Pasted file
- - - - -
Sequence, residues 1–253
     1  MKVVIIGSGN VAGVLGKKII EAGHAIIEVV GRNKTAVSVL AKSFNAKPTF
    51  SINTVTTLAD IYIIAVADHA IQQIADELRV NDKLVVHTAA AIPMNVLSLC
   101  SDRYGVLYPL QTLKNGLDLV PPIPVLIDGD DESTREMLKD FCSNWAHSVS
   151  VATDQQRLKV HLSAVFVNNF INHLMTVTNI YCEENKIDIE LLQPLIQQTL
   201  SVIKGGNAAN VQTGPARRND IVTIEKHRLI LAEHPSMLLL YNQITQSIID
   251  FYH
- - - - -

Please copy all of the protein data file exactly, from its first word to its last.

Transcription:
Sequence, residues 1–253
     1  MKVVIIGSGN VAGVLGKKII EAGHAIIEVV GRNKTAVSVL AKSFNAKPTF
    51  SINTVTTLAD IYIIAVADHA IQQIADELRV NDKLVVHTAA AIPMNVLSLC
   101  SDRYGVLYPL QTLKNGLDLV PPIPVLIDGD DESTREMLKD FCSNWAHSVS
   151  VATDQQRLKV HLSAVFVNNF INHLMTVTNI YCEENKIDIE LLQPLIQQTL
   201  SVIKGGNAAN VQTGPARRND IVTIEKHRLI LAEHPSMLLL YNQITQSIID
   251  FYH